Now, the big question: would US be happy if there is peace on the Korean peninsula?
on a serious note, unless war happens, south korea will most likely win.
nk may wedge rok-us alliance, set sotherners against each other and do what others it can but it is living on borrowed time. plus, nukes are not for an attack therefore real threat _ us being the only country to use them _ pyongyang is in the process of knowing the heavy burden of nuclear weapons.
You’ve got to live in the United States of Amnesia to say with a straight face that ‘the risk is if North Korea in any way tries to cheat the US’. What about the US? Bush I cheated Gorbachev with the promise of not moving NATO one inch to the east, and unilateral withdrawal of ABM treaty in 2002. Now you get Camp Bondsteel the size of the Vatican in Kosovo, and threat of shredding the Iran Nuclear Deal.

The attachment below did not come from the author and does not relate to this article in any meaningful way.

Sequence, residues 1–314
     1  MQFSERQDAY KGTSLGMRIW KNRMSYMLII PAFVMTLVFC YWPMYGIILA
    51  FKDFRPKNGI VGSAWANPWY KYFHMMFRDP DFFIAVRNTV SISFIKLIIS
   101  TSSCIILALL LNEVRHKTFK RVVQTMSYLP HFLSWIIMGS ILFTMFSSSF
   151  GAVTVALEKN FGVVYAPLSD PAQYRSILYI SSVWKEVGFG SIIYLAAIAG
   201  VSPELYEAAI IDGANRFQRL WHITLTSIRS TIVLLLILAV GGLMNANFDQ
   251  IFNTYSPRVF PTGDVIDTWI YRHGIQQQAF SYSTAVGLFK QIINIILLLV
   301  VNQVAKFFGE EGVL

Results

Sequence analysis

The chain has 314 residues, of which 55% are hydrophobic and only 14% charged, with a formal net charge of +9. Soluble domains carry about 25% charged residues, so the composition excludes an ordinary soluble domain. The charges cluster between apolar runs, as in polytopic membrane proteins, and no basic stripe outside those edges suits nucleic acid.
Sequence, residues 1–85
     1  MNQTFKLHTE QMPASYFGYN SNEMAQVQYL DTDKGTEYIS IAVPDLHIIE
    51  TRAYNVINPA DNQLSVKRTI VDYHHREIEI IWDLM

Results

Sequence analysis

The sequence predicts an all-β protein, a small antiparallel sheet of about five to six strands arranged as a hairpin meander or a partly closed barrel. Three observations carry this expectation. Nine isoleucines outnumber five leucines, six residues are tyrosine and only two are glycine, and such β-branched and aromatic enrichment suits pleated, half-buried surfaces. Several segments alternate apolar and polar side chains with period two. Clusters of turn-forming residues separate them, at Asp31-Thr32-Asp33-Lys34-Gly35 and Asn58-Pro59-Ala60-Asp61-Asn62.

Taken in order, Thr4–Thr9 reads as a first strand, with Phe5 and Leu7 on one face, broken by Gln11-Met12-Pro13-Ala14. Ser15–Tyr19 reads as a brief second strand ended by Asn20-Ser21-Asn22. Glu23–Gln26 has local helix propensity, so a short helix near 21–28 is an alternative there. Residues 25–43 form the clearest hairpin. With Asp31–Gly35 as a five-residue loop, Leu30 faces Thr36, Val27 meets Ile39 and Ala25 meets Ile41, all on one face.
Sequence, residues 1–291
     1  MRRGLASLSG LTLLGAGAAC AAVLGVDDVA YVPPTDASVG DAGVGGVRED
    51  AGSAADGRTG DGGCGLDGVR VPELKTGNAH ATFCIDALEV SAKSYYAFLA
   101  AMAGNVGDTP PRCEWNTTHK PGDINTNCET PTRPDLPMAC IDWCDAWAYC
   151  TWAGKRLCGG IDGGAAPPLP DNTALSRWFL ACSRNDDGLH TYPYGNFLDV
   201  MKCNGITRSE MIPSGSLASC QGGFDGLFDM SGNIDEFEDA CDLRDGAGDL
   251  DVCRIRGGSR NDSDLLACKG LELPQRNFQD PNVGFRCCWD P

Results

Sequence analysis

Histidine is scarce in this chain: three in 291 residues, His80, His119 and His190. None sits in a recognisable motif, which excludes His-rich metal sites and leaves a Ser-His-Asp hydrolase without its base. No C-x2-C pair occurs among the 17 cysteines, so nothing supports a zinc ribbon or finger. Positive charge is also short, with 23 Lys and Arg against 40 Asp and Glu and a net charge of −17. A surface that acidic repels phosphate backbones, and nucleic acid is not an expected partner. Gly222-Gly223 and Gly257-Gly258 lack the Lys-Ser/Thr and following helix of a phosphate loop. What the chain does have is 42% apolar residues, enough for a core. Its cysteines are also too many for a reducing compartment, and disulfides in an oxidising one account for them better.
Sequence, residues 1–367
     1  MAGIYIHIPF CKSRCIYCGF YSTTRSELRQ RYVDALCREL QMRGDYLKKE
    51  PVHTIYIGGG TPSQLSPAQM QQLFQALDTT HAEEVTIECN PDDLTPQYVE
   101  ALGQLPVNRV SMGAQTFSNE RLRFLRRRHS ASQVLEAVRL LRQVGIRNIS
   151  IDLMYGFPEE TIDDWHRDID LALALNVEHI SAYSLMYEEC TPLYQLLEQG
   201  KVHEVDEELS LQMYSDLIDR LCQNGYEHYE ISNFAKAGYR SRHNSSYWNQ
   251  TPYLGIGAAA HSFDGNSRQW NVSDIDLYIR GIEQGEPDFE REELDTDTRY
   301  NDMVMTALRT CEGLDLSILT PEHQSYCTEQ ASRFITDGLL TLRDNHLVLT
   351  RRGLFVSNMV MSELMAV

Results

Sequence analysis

If war breaks north Korea will wins,US thick if war break they will win no to them America can never win a war with north Korea.
Only idiots nowadays would make any deal with the US.
I agree with you. Last year, Trump sent a powerful armada and an even more powerful fleet of submarines to attack North Korea. This American military expedition ended with two destroyers rammed by cargo ships and 17 American sailors buried alive by the US navy. North Korea did not report any casualties or loss of military equipment.